Journals Riders

Ed Laverack journal: planes, trains and automobiles

Rider journals: Ed Laverack #5

Ed Laverack and three other riders are keeping rider journals for The British Continental this season. Ed rides for the new UCI Continental team SwiftCarbon Pro Cycling this season. This is Ed’s 5th journal entry…

I never fail to get excited at airports. They always spell adventure

Travel is one of those small things that if you handle well, you will make a good athlete. 

I was told this about 8 years ago and it still rings true for me to this day. Sometimes it’s as simple as driving 2 hours in the morning to a National B race across country at 6am, or it could be a long haul flight to the other side of the globe. Both have their stresses. 

For me, I’m currently sat in a small, single hotel room in south west Poland having spent most of yesterday travelling. Breaking a journey up in to smaller chunks can be a saving grace for most athletes. It was planes, trains and automobiles for me. Leaving sleepy Llanelli behind at 6.30 I set off for Bristol by train and then from there to London Luton by car share. We will split the fuel and car park fee, as you do. 

Ed Laverack at the Salisbury round of the Tour Series, 2019. Photo: David Hares / www.davidhares.co.uk

I suppose this is where the fun starts. I’ve been fortunate enough to fly many places to race my bike, but I never fail to get excited at airports. They always spell adventure. 

Recently I started bringing my own food through security, and it’s worth it. Chicken, sweet potato and roasted red pepper went down a treat while we waited the next 2 hours for the flight. 

It’s worth mentioning that travel days can be taxing on the body. First off, you come in to contact with a slightly larger amount of people than at your local Co-op. The word ‘cramped’ is often used. You get grouchy as time passes slow. The trick is to distract yourself. I will generally buy some light snacks at the airport, always thinking ahead to when we land. It’s happened a few times. You land and immediately get in a rental car and get driven another 2 hours to your destination. You need to maintain that energy balance without over compensating.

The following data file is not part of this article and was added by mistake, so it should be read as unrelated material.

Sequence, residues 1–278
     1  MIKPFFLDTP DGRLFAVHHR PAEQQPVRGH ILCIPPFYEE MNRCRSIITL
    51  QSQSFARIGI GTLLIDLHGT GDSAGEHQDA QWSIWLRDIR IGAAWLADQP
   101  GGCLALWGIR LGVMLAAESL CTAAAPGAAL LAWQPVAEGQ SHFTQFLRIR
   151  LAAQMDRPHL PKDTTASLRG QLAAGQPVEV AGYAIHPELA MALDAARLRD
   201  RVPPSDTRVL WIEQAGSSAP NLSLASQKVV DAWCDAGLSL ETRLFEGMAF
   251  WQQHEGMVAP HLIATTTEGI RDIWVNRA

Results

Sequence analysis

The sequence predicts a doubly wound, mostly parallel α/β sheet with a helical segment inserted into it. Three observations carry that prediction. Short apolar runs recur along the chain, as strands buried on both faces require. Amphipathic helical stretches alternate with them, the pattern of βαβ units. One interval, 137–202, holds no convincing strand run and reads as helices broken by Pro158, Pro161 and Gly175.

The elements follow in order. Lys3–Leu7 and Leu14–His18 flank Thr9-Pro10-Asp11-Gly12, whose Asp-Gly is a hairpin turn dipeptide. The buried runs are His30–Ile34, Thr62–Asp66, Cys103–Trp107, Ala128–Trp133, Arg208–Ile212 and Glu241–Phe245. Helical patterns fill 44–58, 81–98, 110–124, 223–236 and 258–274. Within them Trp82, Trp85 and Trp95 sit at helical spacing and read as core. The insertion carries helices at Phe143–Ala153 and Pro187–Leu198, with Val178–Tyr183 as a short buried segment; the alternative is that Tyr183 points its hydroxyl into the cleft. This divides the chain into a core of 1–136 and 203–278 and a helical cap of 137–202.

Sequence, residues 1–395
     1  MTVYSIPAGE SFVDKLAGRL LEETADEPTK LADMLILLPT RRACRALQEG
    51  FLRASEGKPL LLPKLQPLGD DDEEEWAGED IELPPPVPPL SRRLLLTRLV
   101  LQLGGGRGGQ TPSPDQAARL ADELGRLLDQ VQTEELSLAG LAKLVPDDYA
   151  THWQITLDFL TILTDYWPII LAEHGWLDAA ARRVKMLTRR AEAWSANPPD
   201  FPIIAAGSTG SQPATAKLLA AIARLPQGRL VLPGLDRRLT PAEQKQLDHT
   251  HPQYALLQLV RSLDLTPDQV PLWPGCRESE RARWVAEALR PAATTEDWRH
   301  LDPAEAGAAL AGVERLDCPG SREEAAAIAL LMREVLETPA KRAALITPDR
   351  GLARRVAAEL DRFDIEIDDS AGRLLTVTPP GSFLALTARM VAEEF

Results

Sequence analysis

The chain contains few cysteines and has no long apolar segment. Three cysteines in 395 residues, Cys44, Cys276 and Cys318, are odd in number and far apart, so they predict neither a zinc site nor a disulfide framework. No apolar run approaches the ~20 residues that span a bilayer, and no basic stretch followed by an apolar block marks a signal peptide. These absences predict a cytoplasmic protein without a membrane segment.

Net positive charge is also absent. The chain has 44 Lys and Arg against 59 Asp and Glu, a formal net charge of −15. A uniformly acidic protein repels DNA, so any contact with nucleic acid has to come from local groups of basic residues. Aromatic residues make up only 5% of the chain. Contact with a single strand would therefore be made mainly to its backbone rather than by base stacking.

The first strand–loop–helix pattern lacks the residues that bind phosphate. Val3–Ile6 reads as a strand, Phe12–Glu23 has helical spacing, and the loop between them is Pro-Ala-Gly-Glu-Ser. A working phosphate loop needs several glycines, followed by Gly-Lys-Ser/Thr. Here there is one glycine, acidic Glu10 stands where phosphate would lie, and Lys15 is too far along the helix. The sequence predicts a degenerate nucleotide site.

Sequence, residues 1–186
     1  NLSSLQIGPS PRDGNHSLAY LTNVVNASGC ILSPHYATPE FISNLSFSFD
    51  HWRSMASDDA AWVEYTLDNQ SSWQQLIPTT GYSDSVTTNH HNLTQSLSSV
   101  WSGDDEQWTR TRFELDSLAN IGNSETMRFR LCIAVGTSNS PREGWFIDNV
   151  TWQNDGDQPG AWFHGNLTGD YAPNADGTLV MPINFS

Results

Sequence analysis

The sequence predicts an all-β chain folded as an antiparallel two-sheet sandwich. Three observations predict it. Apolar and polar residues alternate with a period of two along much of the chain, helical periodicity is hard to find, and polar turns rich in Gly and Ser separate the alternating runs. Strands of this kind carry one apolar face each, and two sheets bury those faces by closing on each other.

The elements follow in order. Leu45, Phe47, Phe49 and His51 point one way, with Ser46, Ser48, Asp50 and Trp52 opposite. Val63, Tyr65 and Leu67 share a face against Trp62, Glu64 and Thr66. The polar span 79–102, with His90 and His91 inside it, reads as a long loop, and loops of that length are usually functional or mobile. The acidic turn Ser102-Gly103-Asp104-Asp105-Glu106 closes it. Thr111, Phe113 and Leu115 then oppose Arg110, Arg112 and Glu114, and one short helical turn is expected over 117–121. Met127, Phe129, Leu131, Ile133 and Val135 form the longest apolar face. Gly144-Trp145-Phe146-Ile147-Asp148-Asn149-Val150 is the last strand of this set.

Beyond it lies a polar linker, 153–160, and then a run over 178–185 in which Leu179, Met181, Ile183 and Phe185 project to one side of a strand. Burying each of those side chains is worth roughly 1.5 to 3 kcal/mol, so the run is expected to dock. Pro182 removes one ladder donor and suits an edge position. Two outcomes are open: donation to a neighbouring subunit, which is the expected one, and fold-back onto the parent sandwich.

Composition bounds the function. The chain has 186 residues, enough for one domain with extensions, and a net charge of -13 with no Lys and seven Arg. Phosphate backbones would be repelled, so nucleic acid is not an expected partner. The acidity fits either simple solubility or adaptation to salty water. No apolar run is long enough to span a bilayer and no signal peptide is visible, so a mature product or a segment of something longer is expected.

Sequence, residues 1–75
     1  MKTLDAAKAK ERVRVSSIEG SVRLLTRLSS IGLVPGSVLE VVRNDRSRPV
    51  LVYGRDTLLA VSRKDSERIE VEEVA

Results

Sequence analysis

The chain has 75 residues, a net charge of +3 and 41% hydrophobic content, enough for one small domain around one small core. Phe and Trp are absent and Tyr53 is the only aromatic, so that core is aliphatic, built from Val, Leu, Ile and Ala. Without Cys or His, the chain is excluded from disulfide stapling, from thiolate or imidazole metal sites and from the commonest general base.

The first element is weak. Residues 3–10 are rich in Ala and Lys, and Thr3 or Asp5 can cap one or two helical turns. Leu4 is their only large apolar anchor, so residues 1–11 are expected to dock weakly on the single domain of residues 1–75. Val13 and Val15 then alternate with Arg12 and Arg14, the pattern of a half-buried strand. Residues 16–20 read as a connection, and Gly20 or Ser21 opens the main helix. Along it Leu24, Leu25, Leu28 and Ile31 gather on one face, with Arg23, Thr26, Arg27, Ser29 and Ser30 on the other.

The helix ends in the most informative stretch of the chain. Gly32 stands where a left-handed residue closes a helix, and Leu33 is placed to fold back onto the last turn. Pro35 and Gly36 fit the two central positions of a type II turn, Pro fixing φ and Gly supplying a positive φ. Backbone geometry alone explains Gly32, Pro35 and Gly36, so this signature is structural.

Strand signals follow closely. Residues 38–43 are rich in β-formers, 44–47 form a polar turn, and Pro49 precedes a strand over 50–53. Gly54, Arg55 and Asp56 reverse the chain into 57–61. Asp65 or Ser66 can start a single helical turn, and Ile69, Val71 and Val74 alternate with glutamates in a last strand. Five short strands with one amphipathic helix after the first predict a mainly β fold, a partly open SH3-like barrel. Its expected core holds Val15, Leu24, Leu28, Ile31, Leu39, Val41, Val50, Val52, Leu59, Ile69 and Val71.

I suppose the biggest issue I have is sleep. It depends how tired I am, but 8 times out of 10 I will drift off pretty quick in a new bed after a long day. Last night was was one of those other times though. With all the hype built through the day, it can be hard to tune out, especially in a new location when you feel like you are still ‘plugged in’. This is where many athletes struggle, especially on long haul flights. But that’s more down to time zone differences and there’s plenty of hacks to combat that if you read up smartly online. 

Truth be told, it’s important to find that sleep rhythm as soon as possible. A number of nights of back to back poor quality sleep can squash the immune system. It’s often the major contributing factor for athletes getting ill or not feeling 100% in the days post travel. So for me, I always have a little bag of tricks. Eye mask, ear plugs, eye drops, nasal spray, hand gel. These small things will sit on the bedside table or be by my side on the flight if needed, creating the atmosphere needed for better sleep and recovery.

Ed races the Polish stage race Wyscig Mjr. Hubala – Sante Tour (UCI 2.1), 31 May – 2 June.

Featured photo: Alex Whitehead/SWpix.com. OVO Energy Tour Series – Round 6: Salisbury

Read more

Rider journals: Ed Laverack #4

Rider journals: Ed Laverack #3

Rider journals: Ed Laverack #2

Rider journals: Ed Laverack #1

Rider journals: introducing Ed Laverack

Interview with Ed Laverack by John Smith

Ed’s vlog.

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